Businesses in every industry are acknowledging the strategic importance of sustainability initiatives. But without a way to gather, track, and compare data across business units, industries, and locations, it’s hard for them to tell how they’re really doing when it comes to greening their supply chains and operations. A recent survey commissioned by software provider IFS demonstrates the need for green metrics and enterprise software systems to support such environmental data.
The study, conducted in the U.S., Scandinavia, and Benelux, showed that more then 80% of respondents want to track their environmental footprint. But almost half of the U.S. companies reported that they didn’t have enterprise software systems to track this data, and 42% said that the existing systems were too limited to truly capture environmental impacts.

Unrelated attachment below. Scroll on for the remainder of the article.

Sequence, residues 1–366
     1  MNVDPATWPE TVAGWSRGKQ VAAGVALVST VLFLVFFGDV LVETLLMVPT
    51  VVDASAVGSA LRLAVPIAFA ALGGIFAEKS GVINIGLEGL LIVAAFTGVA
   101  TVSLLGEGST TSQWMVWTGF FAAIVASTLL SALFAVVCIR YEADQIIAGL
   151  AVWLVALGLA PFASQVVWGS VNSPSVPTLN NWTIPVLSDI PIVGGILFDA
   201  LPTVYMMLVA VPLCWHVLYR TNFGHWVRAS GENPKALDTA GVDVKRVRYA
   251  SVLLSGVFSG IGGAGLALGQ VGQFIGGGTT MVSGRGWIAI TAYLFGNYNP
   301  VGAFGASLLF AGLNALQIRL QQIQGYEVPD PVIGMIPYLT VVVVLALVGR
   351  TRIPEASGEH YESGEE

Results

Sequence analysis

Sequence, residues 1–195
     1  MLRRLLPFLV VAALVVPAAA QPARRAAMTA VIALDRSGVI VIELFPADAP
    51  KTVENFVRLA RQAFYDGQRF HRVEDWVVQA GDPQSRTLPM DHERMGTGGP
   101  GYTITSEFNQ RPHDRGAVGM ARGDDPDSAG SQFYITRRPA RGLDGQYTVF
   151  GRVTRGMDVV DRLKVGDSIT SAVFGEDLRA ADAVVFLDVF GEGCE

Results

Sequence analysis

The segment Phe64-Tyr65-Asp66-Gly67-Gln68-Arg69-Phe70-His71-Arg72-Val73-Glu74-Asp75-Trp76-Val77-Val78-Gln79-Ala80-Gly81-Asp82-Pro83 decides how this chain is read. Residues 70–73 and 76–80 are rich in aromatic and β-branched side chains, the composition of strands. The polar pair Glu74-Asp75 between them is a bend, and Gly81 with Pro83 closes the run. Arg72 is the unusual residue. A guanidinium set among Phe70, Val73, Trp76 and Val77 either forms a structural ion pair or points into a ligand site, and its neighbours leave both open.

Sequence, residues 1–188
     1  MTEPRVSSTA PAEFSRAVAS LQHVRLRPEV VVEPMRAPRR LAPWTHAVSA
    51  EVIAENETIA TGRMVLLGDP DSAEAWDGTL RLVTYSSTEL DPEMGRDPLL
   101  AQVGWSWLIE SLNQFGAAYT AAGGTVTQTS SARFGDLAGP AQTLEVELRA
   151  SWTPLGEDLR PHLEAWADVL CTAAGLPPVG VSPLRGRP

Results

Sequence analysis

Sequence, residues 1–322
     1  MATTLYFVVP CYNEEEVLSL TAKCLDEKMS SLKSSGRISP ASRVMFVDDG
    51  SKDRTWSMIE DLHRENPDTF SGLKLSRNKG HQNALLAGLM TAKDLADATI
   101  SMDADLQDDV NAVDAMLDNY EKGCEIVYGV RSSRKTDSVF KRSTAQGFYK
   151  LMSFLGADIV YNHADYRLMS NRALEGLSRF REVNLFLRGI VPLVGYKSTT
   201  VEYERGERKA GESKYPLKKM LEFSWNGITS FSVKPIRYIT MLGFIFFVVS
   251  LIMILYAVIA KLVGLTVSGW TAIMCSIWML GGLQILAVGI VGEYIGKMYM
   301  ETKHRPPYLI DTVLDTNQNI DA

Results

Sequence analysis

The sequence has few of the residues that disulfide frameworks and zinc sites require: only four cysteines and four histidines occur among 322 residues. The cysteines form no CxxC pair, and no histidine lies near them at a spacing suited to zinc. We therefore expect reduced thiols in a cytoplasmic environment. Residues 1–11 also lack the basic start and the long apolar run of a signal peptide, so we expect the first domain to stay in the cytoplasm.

Tesla’s new partnership with Toyota comes at a trying time in the history of both companies. The recent announcement initially seemed to be good news for these two leaders in the burgeoning green car market. But Tesla’s amended S-1 filing released May 27 indicates that perhaps the deal isn’t as rosy as it first appeared–at least for Tesla.
The agreement hinges on three key points:
- Tesla will purchase Toyota’s recently closed NUMMI factory in Fremont, Calif.
- Toyota will invest $50 million in Tesla when the company goes public.
- The companies will partner to develop a more affordable electric car, capitalizing on key aspects of Tesla’s IP while incorporating the economies of scale and high performance Toyota is known for.